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Integrating ecology, psychology and neurobiology within a food-hoarding paradigm

Lookup NU author(s): Dr Tom Smulders



Many animals regularly hoard food for future use, which appears to be an important adaptation to a seasonally and/or unpredictably changing environment. This food-hoarding paradigm is an excellent example of a natural system that has broadly influenced both theoretical and empirical work in the field of biology. The food-hoarding paradigm has played a major role in the conceptual framework of numerous fields from ecology (e.g. plant–animal interactions) and evolution (e.g. the coevolution of caching, spatial memory and the hippocampus) to psychology (e.g. memory and cognition) and neurobiology (e.g. neurogenesis and the neurobiology of learning and memory). Many food-hoarding animals retrieve caches by using spatial memory. This memory-based behavioural system has the inherent advantage of being tractable for study in both the field and laboratory and has been shaped by natural selection, which produces variation with strong fitness consequences in a variety of taxa. Thus, food hoarding is an excellent model for a highly integrative approach to understanding numerous questions across a variety of disciplines. Recently, there has been a surge of interest in the complexity of animal cognition such as future planning and episodic-like-memory as well as in the relationship between memory, the environment and the brain. In addition, new breakthroughs in neurobiology have enhanced our ability to address the mechanisms underlying these behaviours. Consequently, the field is necessarily becoming more integrative by assessing behavioural questions in the context of natural ecological systems and by addressing mechanisms through neurobiology and psychology, but, importantly, within an evolutionary and ecological framework. In this issue, we aim to bring together a series of papers providing a modern synthesis of ecology, psychology, physiology and neurobiology and identifying new directions and developments in the use of food-hoarding animals as a model system.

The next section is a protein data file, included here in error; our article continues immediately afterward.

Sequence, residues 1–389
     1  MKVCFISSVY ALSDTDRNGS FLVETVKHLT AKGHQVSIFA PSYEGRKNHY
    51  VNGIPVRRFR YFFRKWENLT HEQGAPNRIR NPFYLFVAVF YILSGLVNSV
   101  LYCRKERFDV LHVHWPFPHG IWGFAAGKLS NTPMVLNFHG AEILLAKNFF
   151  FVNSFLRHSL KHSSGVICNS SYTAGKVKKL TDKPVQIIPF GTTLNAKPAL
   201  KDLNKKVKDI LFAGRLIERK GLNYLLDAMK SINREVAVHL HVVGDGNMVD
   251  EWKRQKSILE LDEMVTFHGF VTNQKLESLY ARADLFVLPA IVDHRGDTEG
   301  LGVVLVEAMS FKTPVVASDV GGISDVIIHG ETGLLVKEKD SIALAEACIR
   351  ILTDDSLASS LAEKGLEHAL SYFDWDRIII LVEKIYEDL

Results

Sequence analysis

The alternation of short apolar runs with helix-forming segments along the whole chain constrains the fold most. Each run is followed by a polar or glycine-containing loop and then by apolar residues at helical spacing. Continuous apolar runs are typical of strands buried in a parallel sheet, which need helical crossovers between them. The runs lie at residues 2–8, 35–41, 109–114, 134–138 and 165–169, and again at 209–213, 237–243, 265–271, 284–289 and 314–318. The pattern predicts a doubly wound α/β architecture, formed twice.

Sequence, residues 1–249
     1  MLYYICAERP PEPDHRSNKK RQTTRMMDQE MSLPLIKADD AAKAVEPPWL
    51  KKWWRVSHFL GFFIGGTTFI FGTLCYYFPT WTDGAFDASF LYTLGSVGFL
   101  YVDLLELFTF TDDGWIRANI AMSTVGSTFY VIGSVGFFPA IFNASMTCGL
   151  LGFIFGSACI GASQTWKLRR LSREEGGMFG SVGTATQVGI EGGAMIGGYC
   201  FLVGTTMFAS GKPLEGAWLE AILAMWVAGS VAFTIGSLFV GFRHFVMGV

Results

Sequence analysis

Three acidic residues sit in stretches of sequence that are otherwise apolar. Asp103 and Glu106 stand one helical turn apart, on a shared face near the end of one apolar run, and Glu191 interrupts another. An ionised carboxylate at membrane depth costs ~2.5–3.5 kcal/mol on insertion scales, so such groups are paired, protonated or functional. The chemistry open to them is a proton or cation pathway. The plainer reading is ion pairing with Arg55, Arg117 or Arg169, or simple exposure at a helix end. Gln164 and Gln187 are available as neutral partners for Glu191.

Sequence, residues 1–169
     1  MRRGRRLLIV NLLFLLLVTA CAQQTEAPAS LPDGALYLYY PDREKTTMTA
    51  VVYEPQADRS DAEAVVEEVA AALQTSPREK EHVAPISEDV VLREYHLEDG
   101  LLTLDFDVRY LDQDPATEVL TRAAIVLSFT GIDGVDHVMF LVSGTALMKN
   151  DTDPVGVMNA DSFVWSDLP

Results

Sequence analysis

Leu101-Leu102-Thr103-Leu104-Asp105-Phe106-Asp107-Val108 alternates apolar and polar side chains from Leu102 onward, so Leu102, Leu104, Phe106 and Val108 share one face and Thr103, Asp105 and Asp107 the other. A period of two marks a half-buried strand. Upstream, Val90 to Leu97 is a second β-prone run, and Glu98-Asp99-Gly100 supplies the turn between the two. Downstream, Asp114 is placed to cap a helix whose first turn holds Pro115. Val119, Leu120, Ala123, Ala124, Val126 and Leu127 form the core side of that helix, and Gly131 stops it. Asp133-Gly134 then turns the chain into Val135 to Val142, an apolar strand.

Publication metadata

Author(s): Pravosudov VV, Smulders TV

Publication type: Article

Publication status: Published

Journal: Philosophical Transactions of the Royal Society B: Biological Sciences

Year: 2010

Volume: 365

Issue: 1542

Pages: 859-867

Print publication date: 01/03/2010

Date deposited: 03/08/2010

ISSN (print): 0962-8452

ISSN (electronic): 1471-2954

Publisher: The Royal Society Publishing


DOI: 10.1098/rstb.2009.0216


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